FRIDAY, FEBRUARY 1, 2013 | Comments: 11
On Family Chic I’ve focused more on craft projects than decorating, so I thought I’d change things up a bit and share with you a few of my favorite spaces in our home and talk about the thinking behind the looks we’ve created. Today, I am starting with our dining room, more rooms to come later on…
Our home was built 86 years ago and even though we love it and all of the wonderful memories it holds, it’s obvious from the lack of closet space and the smaller rooms that this house was built for simpler living from a different era. To keep up with the demands of modern family life and to create an open and functional plan, we had to stick to a few rules. Every piece of furniture that we purchase must be on the smaller side, serve double duty and have clean lines. Shopping for items that fit this criteria isn’t always easy in a world of oversized sofas and enormous flat screen TVs. Thanks to the clever living solutions from IKEA and some lucky thrift store and garage sale finds, living big in a small space isn’t impossible – it just takes a little tricky thinking.
Even though our 12′ x 12′ dining room is small, it’s my favorite room in our 1927 Dutch Colonial home. We do so many things in there — we share meals, the kids do their homework, we celebrate holidays and birthdays, I work on my craft projects and since the natural light is so cheery and abundant, it’s a great spot for taking many of my project photos for Family Chic. For me, it’s a room that is peaceful and eventful at the same time – it’s the workhorse of the house and it makes me feel good to be in it.
Basic, stylish and easy to wipe clean, our IKEA table and chairs have been through a lot and still look great. Thankfully, the table extends to fit 12, so we can open it up for larger groups. Inexpensive, fabric-covered stools from Target provide additional seating and have removable covers for easy washing.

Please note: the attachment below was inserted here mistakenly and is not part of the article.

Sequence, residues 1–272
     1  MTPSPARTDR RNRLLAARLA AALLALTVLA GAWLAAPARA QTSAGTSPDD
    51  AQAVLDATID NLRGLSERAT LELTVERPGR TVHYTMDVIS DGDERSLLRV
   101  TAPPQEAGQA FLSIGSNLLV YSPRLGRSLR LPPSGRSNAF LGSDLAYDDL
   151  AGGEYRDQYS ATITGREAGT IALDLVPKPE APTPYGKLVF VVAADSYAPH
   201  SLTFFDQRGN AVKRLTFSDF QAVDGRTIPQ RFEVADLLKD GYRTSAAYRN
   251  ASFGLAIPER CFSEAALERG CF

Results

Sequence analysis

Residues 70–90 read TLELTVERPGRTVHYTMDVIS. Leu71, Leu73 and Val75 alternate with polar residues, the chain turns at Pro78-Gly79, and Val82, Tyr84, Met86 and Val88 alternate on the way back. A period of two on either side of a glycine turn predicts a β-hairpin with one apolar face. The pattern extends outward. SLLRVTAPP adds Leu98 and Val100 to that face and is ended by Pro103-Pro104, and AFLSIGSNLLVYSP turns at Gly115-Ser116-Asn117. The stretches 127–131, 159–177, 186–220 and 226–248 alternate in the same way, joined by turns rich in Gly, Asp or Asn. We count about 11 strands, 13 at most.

A rug just wasn't possible in this room – too many things get spilled and dropped – so we decided to paint the floor instead with a tinted epoxy paint. This treatment helps to define the space like a rug would, but it's easier to wipe up messes.
I wanted impact, but I wanted to keep the room simple at the same time – so we papered one wall with a large scale, metallic print. This paper looks fun and bold as it reflects natural light during the day and soft and intimate during candlelit dinners in the evening.
An old chalkboard, propped up against the wall, serves as a showcase for impromptu doodle art as well as messages.
A china closet, picked up at a garage sale for $25.00, was gray washed and lined with burlap and coffee bean bags. Since we do not have a closet on the first floor, this piece is my savior — it holds candles, vases, specialty glasses, cloth napkins — all the items that I love to use for get-togethers with friends and family, but cannot store in my kitchen. The IKEA baskets on top hold paper towels, napkins and paper plates.
I love vintage paintbrushes – I hang them all around the house.
When decorating this room, we wanted to add interest without taking up much floor space. An old door, found in the alley, and a vintage chalkboard fit the bill for us – they add detail and serve a purpose.
A rummage sale mirror hangs on the door — a good spot to check your self out before leaving the house for the day.
A collection of old keys hang from the door knob.
Our money tree thrives in this space and adds life and color to the room.
I am grateful for our happy little dining room.